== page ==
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Heart Lung. 2016 Nov - Dec;45(6):517-524. doi: 10.1016/j.hrtlng.2016.07.011. Epub 2016 Sep 1.

Aligning critical care interventions with patient goals: A modified Delphi study.

Author information

1
Outcomes After Critical Illness and Surgery Group, Johns Hopkins University, Baltimore, MD, USA; Division of Pulmonary & Critical Care Medicine, School of Medicine, Johns Hopkins University, Baltimore, MD, USA; Department of Epidemiology, Bloomberg School of Public Health, Johns Hopkins University, Baltimore, MD, USA. Electronic address: turnbull@jhmi.edu.
2
Division of Pulmonary & Critical Care Medicine, School of Medicine, Johns Hopkins University, Baltimore, MD, USA.
3
Outcomes After Critical Illness and Surgery Group, Johns Hopkins University, Baltimore, MD, USA; Division of Pulmonary & Critical Care Medicine, School of Medicine, Johns Hopkins University, Baltimore, MD, USA; Department of Physical Medicine and Rehabilitation, School of Medicine, Johns Hopkins University, Baltimore, MD, USA.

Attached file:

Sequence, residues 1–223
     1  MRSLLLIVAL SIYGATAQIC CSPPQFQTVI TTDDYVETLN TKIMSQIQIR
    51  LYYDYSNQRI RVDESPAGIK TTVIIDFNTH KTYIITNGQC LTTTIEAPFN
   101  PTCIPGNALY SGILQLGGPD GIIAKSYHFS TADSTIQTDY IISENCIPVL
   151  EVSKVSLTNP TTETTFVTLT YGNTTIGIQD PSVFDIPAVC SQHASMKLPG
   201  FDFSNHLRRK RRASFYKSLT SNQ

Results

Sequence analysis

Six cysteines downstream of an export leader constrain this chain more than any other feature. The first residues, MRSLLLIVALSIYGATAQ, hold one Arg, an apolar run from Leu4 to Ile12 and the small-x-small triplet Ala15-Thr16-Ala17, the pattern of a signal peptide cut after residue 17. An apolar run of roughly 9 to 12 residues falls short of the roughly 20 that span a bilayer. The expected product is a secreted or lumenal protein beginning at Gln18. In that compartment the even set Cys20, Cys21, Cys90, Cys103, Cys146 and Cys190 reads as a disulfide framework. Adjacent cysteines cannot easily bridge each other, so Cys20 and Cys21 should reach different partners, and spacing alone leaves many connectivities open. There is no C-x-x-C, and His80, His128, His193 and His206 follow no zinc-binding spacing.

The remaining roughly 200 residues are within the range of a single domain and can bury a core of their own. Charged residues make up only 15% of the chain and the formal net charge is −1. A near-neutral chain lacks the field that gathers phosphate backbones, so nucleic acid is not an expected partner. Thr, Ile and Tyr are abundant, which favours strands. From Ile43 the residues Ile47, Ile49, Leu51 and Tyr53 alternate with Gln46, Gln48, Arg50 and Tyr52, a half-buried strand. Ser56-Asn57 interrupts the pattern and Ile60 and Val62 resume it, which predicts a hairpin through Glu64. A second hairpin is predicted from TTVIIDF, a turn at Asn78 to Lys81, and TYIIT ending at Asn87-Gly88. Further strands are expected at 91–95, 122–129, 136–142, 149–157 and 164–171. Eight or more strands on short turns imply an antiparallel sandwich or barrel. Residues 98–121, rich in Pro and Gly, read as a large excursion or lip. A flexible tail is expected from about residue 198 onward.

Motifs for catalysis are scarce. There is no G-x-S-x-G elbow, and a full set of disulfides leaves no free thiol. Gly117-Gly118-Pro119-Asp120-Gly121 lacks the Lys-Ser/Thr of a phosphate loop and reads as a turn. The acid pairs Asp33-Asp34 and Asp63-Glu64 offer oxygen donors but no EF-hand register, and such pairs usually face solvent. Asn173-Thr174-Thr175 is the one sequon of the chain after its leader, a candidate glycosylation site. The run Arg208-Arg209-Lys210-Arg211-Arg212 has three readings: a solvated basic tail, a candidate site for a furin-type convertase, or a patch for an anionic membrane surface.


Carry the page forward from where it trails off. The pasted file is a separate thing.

Abstract

OBJECTIVE:

To develop a list of non-emergent, potentially harmful interventions commonly performed in ICUs that require a clear understanding of patients' treatment goals.

BACKGROUND:

A 2016 policy statement from the American Thoracic Society and American College of Critical Care Medicine calls on intensivists to engage in shared decision-making when "making major treatment decisions that may be affected by personal values, goals, and preferences."

METHODS:

A three-round modified Delphi consensus process was conducted via a panel of 6 critical care physicians, 6 ICU nurses, 6 former ICU patients, and 6 family members from 6 academic and community-based medical institutions in the U.S. mid-Atlantic region.

RESULTS:

Recommendations about 8 interventions achieved consensus among respondents.

CONCLUSIONS:

Clinical and patient/family participants in a modified Delphi consensus process were able to identify preference-sensitive decisions that should trigger clinicians to clarify patient goals and consider initiating shared decision-making.

KEYWORDS:

Clinical decision-making; Critical care; Decision-making; Delphi technique; Life-sustaining treatments

PMID:
27593494
PMCID:
PMC5887162
DOI:
10.1016/j.hrtlng.2016.07.011
[Indexed for MEDLINE]
Free PMC Article

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